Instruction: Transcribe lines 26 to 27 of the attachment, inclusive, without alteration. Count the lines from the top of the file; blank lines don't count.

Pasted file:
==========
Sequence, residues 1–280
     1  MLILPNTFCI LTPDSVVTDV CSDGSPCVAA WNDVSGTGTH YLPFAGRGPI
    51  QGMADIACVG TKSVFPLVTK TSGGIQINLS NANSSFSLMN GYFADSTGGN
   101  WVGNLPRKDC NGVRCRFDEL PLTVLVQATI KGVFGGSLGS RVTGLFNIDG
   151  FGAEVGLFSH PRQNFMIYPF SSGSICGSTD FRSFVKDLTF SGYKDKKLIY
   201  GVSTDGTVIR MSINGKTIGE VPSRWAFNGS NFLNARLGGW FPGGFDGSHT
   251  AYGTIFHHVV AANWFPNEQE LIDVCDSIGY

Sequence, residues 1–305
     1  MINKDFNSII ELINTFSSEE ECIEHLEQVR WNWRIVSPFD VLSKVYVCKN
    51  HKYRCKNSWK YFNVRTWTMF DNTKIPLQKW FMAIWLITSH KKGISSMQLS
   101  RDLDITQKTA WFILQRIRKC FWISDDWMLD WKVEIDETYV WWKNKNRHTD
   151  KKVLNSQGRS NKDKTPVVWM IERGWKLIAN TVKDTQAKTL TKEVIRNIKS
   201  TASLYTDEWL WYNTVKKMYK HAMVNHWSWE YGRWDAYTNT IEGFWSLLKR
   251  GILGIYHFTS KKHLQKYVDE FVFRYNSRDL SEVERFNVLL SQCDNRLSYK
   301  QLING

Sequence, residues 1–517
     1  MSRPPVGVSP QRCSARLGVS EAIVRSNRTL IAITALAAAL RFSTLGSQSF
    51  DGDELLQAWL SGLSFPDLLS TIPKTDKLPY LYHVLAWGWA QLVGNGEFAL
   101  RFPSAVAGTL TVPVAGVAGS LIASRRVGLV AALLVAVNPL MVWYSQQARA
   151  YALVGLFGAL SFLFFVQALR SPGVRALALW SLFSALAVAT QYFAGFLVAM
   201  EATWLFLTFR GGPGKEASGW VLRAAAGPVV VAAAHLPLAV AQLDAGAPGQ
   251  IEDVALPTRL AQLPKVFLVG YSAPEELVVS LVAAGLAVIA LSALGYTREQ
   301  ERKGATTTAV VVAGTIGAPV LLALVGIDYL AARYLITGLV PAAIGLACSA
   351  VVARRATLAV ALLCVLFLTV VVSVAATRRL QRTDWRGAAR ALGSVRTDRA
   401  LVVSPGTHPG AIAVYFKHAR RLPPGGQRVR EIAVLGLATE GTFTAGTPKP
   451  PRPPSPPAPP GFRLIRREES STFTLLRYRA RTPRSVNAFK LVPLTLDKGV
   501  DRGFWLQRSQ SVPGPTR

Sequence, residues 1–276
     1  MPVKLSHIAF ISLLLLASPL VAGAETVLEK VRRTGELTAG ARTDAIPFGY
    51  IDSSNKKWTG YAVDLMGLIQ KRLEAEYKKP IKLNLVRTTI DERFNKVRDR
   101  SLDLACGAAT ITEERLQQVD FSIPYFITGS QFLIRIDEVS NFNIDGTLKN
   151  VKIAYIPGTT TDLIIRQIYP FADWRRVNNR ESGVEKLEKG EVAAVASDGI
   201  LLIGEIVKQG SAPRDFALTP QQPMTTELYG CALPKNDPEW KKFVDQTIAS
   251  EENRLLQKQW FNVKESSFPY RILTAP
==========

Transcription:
   451  PRPPSPPAPP GFRLIRREES STFTLLRYRA RTPRSVNAFK LVPLTLDKGV
   501  DRGFWLQRSQ SVPGPTR